I Missed the Tax Filing Deadline – Now What?
by Susannah McQuitty
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Missing the Tax Day deadline can be panic-inducing, but hold the phone – not filing your taxes by April 18 doesn’t mean you’re going to be hauled off to answer to the IRS. It does mean you’ll want to file as soon after the deadline as possible.
There are no late filing penalties if you’re expecting a refund, but you also won’t get your refund until after you file your taxes. If you owe taxes, on the other hand, you need to know about the failure-to-file penalty and the failure-to-pay penalty.
Failure to file
Even if you know you can’t afford to pay your taxes, you should definitely go ahead and file. The penalty for not filing your tax return can be 10 times more than the penalty for not actually paying the taxes you owe.
Here’s how the failure-to-file penalty is calculated: Let’s say you owe a hypothetical $1,000 in taxes. For each month, the penalty will add an additional 5% of your unpaid taxes to your bill, so after one month you’ll owe $1,050 (since $50 is 5% of $1,000), after two months, $1,100, and so on.
Now, the penalty won’t exceed 25% of your unpaid taxes unless you wait 60 days or more after the due date to file. At that point, the minimum penalty is either $135 or 100% of the unpaid tax, whichever is smaller.
Failure to pay
By contrast, the failure-to-pay penalty is generally 0.5% (yes, that’s half a percent) per month on your unpaid taxes, and it can build up to as much as 25% of your unpaid taxes. If the 5% failure-to-file penalty and the 0.5% percent failure-to-pay penalties both apply in any month, the maximum penalty that you’ll pay for the combination is 5%.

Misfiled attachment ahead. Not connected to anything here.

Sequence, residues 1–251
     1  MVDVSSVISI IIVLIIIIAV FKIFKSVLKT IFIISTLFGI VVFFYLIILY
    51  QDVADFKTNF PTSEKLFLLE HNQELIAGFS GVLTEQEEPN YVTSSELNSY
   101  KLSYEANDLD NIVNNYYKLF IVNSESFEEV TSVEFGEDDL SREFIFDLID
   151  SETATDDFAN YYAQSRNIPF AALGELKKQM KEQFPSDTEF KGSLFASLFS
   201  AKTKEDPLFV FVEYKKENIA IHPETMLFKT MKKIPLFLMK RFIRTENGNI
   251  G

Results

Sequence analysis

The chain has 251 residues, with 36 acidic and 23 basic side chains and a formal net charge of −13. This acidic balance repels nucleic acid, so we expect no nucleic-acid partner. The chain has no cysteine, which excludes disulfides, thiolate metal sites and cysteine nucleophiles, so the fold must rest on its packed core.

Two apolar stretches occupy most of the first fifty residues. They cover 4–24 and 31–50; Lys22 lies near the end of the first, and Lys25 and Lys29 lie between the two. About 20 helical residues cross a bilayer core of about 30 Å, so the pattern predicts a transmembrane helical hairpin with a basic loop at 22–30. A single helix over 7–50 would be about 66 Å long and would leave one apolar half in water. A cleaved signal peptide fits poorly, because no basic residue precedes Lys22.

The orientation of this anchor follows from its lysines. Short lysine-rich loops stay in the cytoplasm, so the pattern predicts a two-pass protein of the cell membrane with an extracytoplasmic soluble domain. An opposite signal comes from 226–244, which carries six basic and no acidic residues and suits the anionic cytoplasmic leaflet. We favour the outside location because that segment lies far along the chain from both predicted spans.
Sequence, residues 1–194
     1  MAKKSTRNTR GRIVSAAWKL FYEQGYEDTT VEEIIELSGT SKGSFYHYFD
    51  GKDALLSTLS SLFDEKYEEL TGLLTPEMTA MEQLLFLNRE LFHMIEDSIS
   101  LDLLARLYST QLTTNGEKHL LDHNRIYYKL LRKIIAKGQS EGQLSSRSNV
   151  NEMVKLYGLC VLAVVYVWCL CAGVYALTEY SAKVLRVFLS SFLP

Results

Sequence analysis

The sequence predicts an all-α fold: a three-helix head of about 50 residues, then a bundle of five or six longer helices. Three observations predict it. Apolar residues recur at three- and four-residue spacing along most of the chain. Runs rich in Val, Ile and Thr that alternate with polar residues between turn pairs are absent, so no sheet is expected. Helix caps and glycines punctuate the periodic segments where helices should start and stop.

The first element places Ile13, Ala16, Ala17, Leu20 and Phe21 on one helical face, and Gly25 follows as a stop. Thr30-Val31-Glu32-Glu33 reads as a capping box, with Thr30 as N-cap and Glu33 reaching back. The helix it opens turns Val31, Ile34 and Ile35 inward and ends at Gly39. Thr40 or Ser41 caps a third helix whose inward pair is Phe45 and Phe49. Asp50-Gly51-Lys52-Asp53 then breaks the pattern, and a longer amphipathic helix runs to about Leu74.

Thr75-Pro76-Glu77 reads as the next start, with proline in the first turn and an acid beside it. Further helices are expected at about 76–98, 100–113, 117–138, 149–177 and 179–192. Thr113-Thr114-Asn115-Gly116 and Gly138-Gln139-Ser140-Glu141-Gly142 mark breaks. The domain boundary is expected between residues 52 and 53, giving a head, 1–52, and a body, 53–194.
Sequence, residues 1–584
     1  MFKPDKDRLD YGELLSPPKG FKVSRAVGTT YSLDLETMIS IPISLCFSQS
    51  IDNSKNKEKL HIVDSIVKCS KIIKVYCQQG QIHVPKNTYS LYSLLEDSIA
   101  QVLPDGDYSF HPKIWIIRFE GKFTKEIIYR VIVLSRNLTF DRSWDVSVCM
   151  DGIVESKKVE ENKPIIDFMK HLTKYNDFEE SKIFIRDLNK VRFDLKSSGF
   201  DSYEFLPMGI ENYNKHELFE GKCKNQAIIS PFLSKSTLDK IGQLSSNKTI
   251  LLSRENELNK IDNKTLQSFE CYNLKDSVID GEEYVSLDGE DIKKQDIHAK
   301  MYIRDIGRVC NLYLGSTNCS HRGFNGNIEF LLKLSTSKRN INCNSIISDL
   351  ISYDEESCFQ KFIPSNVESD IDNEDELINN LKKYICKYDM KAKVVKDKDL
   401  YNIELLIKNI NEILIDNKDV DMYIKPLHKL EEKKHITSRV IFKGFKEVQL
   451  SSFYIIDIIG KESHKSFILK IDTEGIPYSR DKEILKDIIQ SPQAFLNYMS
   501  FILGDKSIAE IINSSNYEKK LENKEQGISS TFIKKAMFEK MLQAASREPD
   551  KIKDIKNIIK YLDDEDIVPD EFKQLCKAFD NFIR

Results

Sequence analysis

If you requested an extension of time to file by the due date, and paid at least 90% of the tax you owe, you may not face a failure-to-pay penalty. You will have to pay the remaining balance by the extension due date, though, and interest will apply on the balance.
What if I can’t pay my taxes?
First, you absolutely should still file your return. The penalties for not filing are much higher than not paying, and all it takes to file your taxes are your documents, time, and the right e-filing service.
Second, IRS-suggested payment options include getting a loan or paying the tax due by credit card. Many taxpayers can opt to set up a payment plan with the IRS using their Online Payment Agreement tool. For more information on late payment options, see our blog post on what to do if you can’t pay your taxes.
If you haven’t e-filed your return yet and you owe tax due, the best advice is to file and pay what you can now.
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